Welcome to Screen Gems, our weekend dive into queer and queer-adjacent titles of the past that deserve a watch or a re-watch.
The Proto-Brokeback: Butch Cassidy and the Sundance Kid
Butch Cassidy and the Sundance Kid lands on just about every list of the Best Films of the 60s. The movie snagged four Academy Awards and became a major hit for the era, thanks in no small part to its two leads: Robert Redford and Paul Newman.
The plot: a pair of outlaws, Butch (Newman) and Sundance (Redford) struggle to control their gang in 1890s Wyoming. The pair plot to rob a pair of trains to make off with enough loot to sustain themselves for a good long while, and so Sundance could finally marry his longtime sweetheart, Etta (Kathrine Ross). All doesn’t go according to plan with their heists, and Butch, Sundance and Etta end up on the run from the law.
Director George Roy Hill, working from a script by William Goldman, uses the simple premise as a pretense to stage some wild action sequences, and as a prism through which to view masculinity. Critics compared the tale of Butch & Sundance to the pairing of Batman & Robin–the pair enjoy the same kind of witty banter…and maybe have more than a platonic interest in one another. The inclusion of Etta only adds a layer of complexity to the situation. Both men dote on her to the point we have to wonder: are they in a threesome?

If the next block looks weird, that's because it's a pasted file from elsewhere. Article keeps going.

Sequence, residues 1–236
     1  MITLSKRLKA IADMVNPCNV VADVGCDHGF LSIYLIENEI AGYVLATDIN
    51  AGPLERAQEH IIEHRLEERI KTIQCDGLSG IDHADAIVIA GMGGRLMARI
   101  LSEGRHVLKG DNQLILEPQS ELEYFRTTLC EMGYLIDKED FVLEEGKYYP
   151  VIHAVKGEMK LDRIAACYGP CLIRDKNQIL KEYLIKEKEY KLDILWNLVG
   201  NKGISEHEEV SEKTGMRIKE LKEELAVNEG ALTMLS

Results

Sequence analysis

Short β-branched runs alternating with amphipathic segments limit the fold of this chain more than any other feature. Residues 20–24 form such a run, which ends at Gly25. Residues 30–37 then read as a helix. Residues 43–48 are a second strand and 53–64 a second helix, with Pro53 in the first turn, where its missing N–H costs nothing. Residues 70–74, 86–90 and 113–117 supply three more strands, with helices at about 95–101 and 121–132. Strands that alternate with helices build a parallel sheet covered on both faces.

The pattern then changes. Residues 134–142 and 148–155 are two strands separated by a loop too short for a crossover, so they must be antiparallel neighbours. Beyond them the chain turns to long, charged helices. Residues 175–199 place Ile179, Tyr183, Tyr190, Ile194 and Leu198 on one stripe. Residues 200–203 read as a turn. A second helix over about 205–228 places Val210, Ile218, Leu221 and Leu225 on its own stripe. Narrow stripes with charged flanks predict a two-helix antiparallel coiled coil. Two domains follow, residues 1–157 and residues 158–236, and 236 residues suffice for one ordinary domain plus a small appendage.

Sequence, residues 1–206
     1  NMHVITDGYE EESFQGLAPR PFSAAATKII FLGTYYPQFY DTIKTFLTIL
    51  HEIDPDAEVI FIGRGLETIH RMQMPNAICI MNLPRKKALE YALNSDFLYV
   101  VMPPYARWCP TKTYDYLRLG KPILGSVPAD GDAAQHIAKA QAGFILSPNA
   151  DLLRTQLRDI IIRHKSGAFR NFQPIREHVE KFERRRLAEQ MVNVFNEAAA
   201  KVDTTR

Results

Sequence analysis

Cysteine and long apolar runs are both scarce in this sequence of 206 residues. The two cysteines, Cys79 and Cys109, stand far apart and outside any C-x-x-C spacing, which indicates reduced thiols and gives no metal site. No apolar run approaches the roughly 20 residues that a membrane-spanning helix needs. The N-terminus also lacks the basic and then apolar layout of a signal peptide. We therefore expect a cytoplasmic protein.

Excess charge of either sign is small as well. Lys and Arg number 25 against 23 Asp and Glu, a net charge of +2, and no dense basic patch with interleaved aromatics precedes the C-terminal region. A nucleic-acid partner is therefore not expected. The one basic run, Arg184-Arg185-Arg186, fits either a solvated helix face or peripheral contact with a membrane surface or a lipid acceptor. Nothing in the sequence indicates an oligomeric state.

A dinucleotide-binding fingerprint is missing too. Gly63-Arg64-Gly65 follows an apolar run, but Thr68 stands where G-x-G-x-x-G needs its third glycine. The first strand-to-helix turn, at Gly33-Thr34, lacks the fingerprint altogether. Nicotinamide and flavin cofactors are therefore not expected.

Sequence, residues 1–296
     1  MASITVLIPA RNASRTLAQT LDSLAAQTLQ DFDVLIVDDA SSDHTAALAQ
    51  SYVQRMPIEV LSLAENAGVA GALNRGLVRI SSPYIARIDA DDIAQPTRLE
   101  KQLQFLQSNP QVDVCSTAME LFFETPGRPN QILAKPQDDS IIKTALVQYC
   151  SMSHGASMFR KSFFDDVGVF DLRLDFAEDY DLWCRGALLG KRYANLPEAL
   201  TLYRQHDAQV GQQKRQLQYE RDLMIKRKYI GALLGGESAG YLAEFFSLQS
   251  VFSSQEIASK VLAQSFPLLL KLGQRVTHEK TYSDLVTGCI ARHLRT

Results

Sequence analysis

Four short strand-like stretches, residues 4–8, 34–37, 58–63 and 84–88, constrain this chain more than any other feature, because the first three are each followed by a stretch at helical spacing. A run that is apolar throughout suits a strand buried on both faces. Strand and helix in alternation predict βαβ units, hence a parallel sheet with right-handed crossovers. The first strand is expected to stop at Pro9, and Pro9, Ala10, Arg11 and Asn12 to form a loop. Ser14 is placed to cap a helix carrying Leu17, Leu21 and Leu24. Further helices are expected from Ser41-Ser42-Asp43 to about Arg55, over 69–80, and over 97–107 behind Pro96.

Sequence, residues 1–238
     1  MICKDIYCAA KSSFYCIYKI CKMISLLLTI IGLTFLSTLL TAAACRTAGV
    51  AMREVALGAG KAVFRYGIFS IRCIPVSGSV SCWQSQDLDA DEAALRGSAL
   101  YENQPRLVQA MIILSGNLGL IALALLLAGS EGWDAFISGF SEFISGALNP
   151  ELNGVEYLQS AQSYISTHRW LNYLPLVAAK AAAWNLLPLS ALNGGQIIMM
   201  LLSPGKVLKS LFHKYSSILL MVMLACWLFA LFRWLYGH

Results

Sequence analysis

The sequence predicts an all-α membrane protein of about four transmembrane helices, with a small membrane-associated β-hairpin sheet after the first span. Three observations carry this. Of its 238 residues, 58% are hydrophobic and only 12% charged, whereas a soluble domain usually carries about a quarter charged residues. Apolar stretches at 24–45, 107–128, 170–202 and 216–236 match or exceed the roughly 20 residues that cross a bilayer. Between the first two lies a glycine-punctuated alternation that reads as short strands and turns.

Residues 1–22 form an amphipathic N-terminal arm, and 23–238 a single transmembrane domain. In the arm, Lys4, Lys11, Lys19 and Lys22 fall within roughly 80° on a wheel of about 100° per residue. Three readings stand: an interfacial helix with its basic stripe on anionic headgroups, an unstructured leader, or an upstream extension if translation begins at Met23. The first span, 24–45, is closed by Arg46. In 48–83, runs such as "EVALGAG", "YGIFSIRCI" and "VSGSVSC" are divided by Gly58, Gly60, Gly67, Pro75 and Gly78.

Fans of The Celluloid Closet will likely remember Susan Sarandon’s take on Butch Cassidy and the Sundance Kid: that the movie is really about two men in love, and that its climactic shootout is a metaphor. Butch & Sundance have to whip out their pistols since they can’t whip out their privates. We hereby endorse a remake that embraces that homoeroticism: before our antiheroes meet with doom, let them enjoy a moment of affection.
As it is, we still enjoy the original for its direction by Hill, Goldman’s snappy dialogue and the performances of its three leads. It’s not hard to see how Butch Cassidy and the Sundance Kid had an effect on the western genre; in particular, Brokeback Mountain some 25 years later. Both are films about same-sex couples living in a hostile world, and who can’t seem to imagine life without one another. So, until we get a full-on gay remake, we recommend spending an evening with a pair of legendary stars. Watch, and just imagine: every time they reach for their pistols, it symbolizes something else.
Streams on Amazon, VUDU & YouTube.